Journal of Business Ethics 37 (1):5 - 24 (2002)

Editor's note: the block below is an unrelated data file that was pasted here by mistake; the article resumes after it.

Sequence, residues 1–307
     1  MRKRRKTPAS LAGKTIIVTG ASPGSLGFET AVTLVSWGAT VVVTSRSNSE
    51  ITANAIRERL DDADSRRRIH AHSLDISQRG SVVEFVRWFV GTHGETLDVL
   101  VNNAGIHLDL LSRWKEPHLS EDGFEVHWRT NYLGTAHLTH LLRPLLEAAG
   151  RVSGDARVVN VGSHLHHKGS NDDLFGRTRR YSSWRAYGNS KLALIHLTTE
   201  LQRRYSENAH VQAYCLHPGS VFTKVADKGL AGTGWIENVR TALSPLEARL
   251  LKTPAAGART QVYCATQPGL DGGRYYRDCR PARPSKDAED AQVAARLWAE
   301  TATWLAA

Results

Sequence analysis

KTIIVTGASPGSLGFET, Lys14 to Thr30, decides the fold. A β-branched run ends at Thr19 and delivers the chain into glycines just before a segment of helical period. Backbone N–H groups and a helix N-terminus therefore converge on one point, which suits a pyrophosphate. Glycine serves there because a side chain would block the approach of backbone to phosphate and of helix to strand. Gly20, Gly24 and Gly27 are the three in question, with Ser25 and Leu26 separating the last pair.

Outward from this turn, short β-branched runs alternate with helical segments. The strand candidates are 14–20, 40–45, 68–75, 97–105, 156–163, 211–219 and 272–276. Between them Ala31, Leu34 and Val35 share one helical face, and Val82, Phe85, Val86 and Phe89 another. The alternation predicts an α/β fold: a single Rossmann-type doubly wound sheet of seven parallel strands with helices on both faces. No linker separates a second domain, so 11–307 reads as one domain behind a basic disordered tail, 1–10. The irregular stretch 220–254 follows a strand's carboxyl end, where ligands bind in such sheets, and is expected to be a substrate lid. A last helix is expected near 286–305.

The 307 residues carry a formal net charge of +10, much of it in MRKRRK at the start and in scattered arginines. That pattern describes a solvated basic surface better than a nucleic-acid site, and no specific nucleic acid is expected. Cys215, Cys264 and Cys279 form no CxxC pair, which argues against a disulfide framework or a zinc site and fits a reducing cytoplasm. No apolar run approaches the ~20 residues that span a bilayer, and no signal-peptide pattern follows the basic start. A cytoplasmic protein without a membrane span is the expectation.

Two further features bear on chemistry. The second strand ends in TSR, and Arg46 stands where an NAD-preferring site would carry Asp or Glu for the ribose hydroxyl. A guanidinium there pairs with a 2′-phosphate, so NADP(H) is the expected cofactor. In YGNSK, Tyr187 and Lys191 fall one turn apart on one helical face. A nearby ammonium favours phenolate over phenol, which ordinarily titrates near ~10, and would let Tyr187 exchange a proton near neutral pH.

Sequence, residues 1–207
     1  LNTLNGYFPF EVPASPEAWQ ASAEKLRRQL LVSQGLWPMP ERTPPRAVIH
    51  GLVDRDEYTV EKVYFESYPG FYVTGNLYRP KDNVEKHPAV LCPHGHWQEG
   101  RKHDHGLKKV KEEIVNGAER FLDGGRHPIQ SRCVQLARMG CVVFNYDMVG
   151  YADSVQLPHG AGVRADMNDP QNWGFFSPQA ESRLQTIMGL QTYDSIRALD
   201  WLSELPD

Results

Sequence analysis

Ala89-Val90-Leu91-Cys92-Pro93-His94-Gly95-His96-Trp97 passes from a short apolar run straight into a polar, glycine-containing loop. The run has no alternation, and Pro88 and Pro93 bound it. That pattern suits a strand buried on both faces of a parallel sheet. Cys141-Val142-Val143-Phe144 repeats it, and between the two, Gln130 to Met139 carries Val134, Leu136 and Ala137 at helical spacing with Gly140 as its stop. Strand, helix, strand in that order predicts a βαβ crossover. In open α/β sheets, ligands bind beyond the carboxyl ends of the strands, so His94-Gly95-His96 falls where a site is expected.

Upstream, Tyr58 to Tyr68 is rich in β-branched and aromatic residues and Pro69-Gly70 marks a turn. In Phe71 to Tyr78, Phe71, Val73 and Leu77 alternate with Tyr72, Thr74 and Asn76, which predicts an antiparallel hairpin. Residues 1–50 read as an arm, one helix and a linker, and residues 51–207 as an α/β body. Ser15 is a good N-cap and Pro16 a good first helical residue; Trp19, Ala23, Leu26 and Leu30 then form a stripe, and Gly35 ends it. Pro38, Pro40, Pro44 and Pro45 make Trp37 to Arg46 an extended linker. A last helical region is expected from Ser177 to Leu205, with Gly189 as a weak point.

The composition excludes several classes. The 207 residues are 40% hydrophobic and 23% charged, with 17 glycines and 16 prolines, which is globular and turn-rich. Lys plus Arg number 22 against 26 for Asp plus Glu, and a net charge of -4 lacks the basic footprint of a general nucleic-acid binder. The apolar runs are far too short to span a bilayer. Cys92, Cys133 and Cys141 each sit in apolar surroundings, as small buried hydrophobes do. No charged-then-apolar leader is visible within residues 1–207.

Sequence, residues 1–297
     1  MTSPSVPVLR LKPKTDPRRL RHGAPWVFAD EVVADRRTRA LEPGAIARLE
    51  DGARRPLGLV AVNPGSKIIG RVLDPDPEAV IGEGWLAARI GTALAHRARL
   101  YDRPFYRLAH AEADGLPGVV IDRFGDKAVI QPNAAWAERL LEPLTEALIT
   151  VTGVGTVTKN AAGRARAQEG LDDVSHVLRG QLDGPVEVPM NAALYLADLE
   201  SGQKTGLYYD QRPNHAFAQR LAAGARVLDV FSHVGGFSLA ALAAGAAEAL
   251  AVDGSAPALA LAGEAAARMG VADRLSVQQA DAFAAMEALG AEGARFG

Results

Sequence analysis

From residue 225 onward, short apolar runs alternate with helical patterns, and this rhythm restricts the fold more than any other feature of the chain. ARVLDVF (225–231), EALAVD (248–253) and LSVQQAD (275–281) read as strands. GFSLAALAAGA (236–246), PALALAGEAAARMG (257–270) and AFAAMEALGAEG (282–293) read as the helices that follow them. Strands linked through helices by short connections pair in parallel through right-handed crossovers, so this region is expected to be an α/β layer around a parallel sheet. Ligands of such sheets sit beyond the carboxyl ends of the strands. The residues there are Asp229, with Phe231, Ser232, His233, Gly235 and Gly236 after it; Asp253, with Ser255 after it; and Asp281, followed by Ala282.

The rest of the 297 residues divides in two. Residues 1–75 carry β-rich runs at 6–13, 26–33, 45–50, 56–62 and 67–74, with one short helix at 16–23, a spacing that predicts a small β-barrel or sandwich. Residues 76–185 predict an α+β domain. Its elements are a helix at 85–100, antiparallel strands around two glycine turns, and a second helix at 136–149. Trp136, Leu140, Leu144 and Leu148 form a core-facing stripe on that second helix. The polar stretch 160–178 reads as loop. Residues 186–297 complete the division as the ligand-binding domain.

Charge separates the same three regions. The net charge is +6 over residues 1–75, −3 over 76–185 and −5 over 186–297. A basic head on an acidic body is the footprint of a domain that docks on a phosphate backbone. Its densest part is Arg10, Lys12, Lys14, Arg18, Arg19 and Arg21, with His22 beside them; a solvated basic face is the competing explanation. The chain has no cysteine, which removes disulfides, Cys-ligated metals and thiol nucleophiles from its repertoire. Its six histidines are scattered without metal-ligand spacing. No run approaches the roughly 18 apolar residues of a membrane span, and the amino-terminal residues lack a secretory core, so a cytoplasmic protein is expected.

|Abstract||This longitudinal study of mid-career managers compared the career progression of men and women during the 1990's. Unlike the subjects of many earlier studies, these men and women had similar education and experience profiles. Womens income changes were less than men's and reflected the greater financial strides and greater returns from promotions for men prior to 1995. The income gaps between men and women were explained by gender differences in career determinants, such as work hours, career interruptions, and having a nonemployed spouse. There was evidence of subtle forms of workplace discrimination against women in the past but not over the most recent four-year period. Women's family situations, however, continued to present obstacles to progression. In addition, a recent decline in women's priorities for promotion, a predictor of actual promotions, signalled an impending decrease in their rate of promotion relative to men's.|
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